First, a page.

Gerriann Houser designed that activity for this curriculum. She’s a 21-year-old education student at the University of Puerto Rico, which is translating the new material into Spanish.

"It’s harder to prepare a class knowing that most of them have experience and there’s another few that don’t know what they’re doing," she says. "So we decided to create an activity where they can all participate and work together so you wouldn’t have a disadvantage."

Exploring CS is especially targeted at groups who usually steer clear of computer science – like girls and minorities. And trainer Gail Chapman is tasked with passing it on to their teachers, many of whom are moving over from other subjects.

 

"There’s a confidence level that needs to be built and recognize that it’s okay to be the teacher and not have all the answers," she says. "And that doesn’t mean we don’t want teachers to eventually learn all the content that's part of the course and more, because as a teacher you want to be able to bring in outside knowledge ... but it turns out that in computer science, because it spans so many different disciplines, that outside knowledge can actually take a lot of different forms."

 

But even those with a technology background say this stuff is highly accessible. Patti Mooney is a computer science teacher at MOT Charter High in Middletown, and the third member of the group we heard from earlier.

"We need to learn computer science because we need to have a back-up. This is kind of where the future's going."

"I really like all the steps that precede introducing HTML. You've already learned how to work together, you're understanding the idea of importance and value in the planning phase … and getting it right the first time isn't necessarily the point, it's how you got there, and how you could correct," she says. "If you had to learn that at the same time as you're learning syntax, it can be very overwhelming for a student who that's not their natural bent."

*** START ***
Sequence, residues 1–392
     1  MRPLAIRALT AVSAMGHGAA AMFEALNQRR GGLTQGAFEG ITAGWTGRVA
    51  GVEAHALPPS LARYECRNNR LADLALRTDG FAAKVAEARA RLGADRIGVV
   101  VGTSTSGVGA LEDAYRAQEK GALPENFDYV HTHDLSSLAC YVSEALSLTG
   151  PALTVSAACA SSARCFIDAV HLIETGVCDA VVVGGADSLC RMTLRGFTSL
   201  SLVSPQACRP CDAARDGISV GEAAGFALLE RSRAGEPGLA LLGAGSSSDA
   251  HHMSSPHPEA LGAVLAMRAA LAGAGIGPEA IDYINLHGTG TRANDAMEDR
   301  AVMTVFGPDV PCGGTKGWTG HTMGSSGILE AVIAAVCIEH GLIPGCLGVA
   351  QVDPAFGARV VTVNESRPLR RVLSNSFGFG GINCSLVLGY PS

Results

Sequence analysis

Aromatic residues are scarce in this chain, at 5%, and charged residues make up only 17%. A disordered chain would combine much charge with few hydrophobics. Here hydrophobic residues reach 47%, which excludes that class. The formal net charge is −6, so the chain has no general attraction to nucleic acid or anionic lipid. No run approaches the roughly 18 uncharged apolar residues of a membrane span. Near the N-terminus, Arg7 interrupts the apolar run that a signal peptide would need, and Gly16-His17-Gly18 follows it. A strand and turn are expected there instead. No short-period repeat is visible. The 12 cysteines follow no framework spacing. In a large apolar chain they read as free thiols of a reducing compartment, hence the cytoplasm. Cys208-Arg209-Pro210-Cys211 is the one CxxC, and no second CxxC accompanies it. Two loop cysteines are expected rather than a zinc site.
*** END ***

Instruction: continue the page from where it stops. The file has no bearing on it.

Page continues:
Exploring CS is also aimed at getting educators on board with the direction their field is heading. STEM is designed to prepare students for a changing job market – and Agnello, from Maryland, says it’s exactly the same for teachers.

 

"There were a lot of teachers at a conference I went to last week, that were like, 'Hey, we're business teachers, we don't know where our jobs are going to be two years from now. We need to learn computer science because we need to have a back-up.' This is kind of where the future's going," she says. "So a teacher like me, I'm going from teaching lab science, to a teacher like Patti who's had a lot of experience teaching computer science -- it's accessible to us as well. We're gonna be teaching the same thing, and our training is completely different."

 

Computer science is just one so-called 'pathway' that Delaware is expanding for its students next year. The state has also funded new classes in health, biomedicine, manufacturing and other areas. They’re hosting more trainings like this through the summer to get teachers ready in time for the first day.